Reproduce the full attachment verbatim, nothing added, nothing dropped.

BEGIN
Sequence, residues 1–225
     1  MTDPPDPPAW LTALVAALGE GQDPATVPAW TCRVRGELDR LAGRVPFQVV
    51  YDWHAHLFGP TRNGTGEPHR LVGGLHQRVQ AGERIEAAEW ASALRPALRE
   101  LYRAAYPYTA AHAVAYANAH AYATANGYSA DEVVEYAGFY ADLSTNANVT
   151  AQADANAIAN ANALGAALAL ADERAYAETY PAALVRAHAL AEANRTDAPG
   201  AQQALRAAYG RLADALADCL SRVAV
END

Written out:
Sequence, residues 1–225
     1  MTDPPDPPAW LTALVAALGE GQDPATVPAW TCRVRGELDR LAGRVPFQVV
    51  YDWHAHLFGP TRNGTGEPHR LVGGLHQRVQ AGERIEAAEW ASALRPALRE
   101  LYRAAYPYTA AHAVAYANAH AYATANGYSA DEVVEYAGFY ADLSTNANVT
   151  AQADANAIAN ANALGAALAL ADERAYAETY PAALVRAHAL AEANRTDAPG
   201  AQQALRAAYG RLADALADCL SRVAV